In the year following his marriage, he rented a mill, but still continued his shoemaking during the winter. But a short time elapsed before he was able to buy a farm in Montgomery County, Maryland. Or this farm, he laid out a town called Barnesville, which name it still bears.
In this village he opened a little store, his wife acting as clerk while he made shoes. The Indian troubles in the Mississippi Valley have ceased, and the flood of emigration setting in for that region, Mr. Barnes concluded to remove to the West.
He arrived at St. Clairsville, in 1803, and immediately opened a tavern on the present site of the Frazier House. The business was carried on by him for a year or so, when he commenced a dry goods trade near the southwest corner of Main and Marietta streets, where he remained until he removed to Barnesville in 1812.
In the year 1806 he entered the lands then entirely in the woods, on which Barnesville now stands In 1808 he associated himself with Rev. James Rounds in the tanning business and Mr. Rounds removed to the lands to open up the tan yards. On November 8, 1808 Mr. Barnes laid out the town of Barnesville, and at once offered all the lots for sale, except the first block east of Chestnut, fronting on Main and Church streets. That block he reserved for himself and family.
Mr. Barnes in 1809 caused to be erected on lot No. 18 a frame storeroom and dwelling under one roof and in 1810 opened out a mercantile establishment under the supervision of William Philpot, the first in the village. Mr. Barnes with his family removed from St. Clairsville to Barnesville in 1812, The first house occupied by him in the town was the front part of the present residence of Robert Harper, on lot No. 42. In 1813 or 18l4, he removed to lot No. 17, on which he resided till his death.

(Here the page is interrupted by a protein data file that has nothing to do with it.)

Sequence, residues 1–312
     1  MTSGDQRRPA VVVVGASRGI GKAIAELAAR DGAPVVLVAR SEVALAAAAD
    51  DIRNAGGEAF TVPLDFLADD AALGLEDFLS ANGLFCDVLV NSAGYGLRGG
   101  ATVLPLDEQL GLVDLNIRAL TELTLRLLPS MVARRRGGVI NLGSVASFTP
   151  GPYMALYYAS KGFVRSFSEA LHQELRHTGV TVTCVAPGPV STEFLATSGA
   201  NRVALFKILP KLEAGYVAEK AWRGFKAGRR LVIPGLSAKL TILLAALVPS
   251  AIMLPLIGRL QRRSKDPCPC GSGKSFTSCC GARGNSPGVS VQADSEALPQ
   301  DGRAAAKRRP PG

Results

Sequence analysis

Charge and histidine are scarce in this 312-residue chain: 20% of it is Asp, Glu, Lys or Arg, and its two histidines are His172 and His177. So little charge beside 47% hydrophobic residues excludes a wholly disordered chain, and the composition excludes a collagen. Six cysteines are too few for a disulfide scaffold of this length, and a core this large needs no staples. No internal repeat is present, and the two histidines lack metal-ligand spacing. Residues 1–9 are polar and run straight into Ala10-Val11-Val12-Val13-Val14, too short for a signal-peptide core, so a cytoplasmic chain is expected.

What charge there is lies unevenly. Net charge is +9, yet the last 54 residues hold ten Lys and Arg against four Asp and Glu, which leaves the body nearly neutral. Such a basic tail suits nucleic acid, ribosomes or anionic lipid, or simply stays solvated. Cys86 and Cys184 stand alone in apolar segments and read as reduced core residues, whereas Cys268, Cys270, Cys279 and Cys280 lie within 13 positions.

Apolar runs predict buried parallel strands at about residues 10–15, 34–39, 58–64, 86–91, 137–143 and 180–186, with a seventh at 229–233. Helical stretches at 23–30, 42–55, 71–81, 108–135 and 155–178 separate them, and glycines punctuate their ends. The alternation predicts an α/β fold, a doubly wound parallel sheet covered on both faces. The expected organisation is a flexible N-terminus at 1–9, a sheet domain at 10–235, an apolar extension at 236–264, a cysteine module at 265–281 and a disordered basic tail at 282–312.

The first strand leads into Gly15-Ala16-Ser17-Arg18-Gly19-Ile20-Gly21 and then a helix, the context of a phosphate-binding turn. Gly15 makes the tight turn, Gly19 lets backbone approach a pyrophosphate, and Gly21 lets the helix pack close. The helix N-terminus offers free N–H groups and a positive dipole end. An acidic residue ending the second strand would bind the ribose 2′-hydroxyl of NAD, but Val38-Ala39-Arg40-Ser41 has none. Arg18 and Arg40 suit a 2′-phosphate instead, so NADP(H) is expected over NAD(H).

Ref: An Historical and Pictorial Booklet "Centennial Souvenir 1808- 1908",
published for the 100th Anniversary of Barnesville, Ohio.
Once settled here, he (James Barnes) went to work promoting and developing various enterprises that tended to make the village grow and flourish. He engaged largely in the ginseng business, built a flouring mill and woolen factory, and various other industries. About 1823, the leaf tobacco business having assumed much importance Mr. Barnes became a, large handler of the product, buying large quantities of it.
Because of their great distance from the eastern tobacco market and the difficulty of knowing what the market would be, in the 1830's there was a great overproduction of tobacco in the area and there were a number of bankruptcies. In the disastrous tobacco dealings of 1834 and 1838 Mr. Barnes and wife became insolvent and gave a mortgage on their home as well as the store and everything they had. Before the case was settled in 1841, Mr. Barnes died.